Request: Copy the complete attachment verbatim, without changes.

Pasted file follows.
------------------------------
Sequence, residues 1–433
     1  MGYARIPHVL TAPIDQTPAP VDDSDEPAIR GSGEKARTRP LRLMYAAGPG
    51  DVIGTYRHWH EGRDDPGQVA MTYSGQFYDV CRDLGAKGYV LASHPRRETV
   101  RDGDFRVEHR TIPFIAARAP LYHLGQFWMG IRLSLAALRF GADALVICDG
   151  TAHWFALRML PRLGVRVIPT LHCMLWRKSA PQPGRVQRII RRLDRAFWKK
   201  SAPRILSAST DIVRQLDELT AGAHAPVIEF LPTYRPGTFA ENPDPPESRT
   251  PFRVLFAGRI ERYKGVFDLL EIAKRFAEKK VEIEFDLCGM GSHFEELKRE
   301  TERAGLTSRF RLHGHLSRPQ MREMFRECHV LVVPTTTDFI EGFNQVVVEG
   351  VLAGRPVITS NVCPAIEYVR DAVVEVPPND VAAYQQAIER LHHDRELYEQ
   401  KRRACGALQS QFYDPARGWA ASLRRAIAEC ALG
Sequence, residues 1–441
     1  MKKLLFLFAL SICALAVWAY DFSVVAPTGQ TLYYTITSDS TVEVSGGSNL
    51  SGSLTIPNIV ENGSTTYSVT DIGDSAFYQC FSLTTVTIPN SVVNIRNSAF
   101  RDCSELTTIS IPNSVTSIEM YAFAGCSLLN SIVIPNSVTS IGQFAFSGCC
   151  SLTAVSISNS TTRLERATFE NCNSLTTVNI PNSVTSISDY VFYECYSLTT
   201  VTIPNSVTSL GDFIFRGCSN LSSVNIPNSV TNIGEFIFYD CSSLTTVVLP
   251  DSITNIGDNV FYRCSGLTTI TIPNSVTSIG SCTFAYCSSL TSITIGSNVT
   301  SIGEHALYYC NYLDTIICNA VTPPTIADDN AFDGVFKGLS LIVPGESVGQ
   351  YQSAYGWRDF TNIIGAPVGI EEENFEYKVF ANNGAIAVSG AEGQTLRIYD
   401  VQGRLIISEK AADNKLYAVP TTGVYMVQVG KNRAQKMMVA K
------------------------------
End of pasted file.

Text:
Sequence, residues 1–433
     1  MGYARIPHVL TAPIDQTPAP VDDSDEPAIR GSGEKARTRP LRLMYAAGPG
    51  DVIGTYRHWH EGRDDPGQVA MTYSGQFYDV CRDLGAKGYV LASHPRRETV
   101  RDGDFRVEHR TIPFIAARAP LYHLGQFWMG IRLSLAALRF GADALVICDG
   151  TAHWFALRML PRLGVRVIPT LHCMLWRKSA PQPGRVQRII RRLDRAFWKK
   201  SAPRILSAST DIVRQLDELT AGAHAPVIEF LPTYRPGTFA ENPDPPESRT
   251  PFRVLFAGRI ERYKGVFDLL EIAKRFAEKK VEIEFDLCGM GSHFEELKRE
   301  TERAGLTSRF RLHGHLSRPQ MREMFRECHV LVVPTTTDFI EGFNQVVVEG
   351  VLAGRPVITS NVCPAIEYVR DAVVEVPPND VAAYQQAIER LHHDRELYEQ
   401  KRRACGALQS QFYDPARGWA ASLRRAIAEC ALG
Sequence, residues 1–441
     1  MKKLLFLFAL SICALAVWAY DFSVVAPTGQ TLYYTITSDS TVEVSGGSNL
    51  SGSLTIPNIV ENGSTTYSVT DIGDSAFYQC FSLTTVTIPN SVVNIRNSAF
   101  RDCSELTTIS IPNSVTSIEM YAFAGCSLLN SIVIPNSVTS IGQFAFSGCC
   151  SLTAVSISNS TTRLERATFE NCNSLTTVNI PNSVTSISDY VFYECYSLTT
   201  VTIPNSVTSL GDFIFRGCSN LSSVNIPNSV TNIGEFIFYD CSSLTTVVLP
   251  DSITNIGDNV FYRCSGLTTI TIPNSVTSIG SCTFAYCSSL TSITIGSNVT
   301  SIGEHALYYC NYLDTIICNA VTPPTIADDN AFDGVFKGLS LIVPGESVGQ
   351  YQSAYGWRDF TNIIGAPVGI EEENFEYKVF ANNGAIAVSG AEGQTLRIYD
   401  VQGRLIISEK AADNKLYAVP TTGVYMVQVG KNRAQKMMVA K